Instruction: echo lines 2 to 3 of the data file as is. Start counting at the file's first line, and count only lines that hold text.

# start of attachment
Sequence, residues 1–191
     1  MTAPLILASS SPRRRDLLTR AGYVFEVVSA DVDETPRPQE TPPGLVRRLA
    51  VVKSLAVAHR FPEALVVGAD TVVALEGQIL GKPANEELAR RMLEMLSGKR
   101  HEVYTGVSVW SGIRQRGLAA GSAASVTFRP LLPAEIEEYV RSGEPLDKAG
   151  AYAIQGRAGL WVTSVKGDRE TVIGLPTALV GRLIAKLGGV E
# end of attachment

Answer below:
     1  MTAPLILASS SPRRRDLLTR AGYVFEVVSA DVDETPRPQE TPPGLVRRLA
    51  VVKSLAVAHR FPEALVVGAD TVVALEGQIL GKPANEELAR RMLEMLSGKR